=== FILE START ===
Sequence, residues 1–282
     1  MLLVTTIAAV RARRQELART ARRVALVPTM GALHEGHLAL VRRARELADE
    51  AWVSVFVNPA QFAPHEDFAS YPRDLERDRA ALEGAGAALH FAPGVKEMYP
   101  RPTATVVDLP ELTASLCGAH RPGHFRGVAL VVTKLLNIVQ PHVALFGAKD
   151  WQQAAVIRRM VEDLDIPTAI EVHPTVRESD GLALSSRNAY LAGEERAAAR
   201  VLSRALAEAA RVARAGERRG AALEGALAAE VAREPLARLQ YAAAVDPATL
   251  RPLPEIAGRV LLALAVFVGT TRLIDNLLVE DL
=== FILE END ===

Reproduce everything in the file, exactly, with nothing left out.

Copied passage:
Sequence, residues 1–282
     1  MLLVTTIAAV RARRQELART ARRVALVPTM GALHEGHLAL VRRARELADE
    51  AWVSVFVNPA QFAPHEDFAS YPRDLERDRA ALEGAGAALH FAPGVKEMYP
   101  RPTATVVDLP ELTASLCGAH RPGHFRGVAL VVTKLLNIVQ PHVALFGAKD
   151  WQQAAVIRRM VEDLDIPTAI EVHPTVRESD GLALSSRNAY LAGEERAAAR
   201  VLSRALAEAA RVARAGERRG AALEGALAAE VAREPLARLQ YAAAVDPATL
   251  RPLPEIAGRV LLALAVFVGT TRLIDNLLVE DL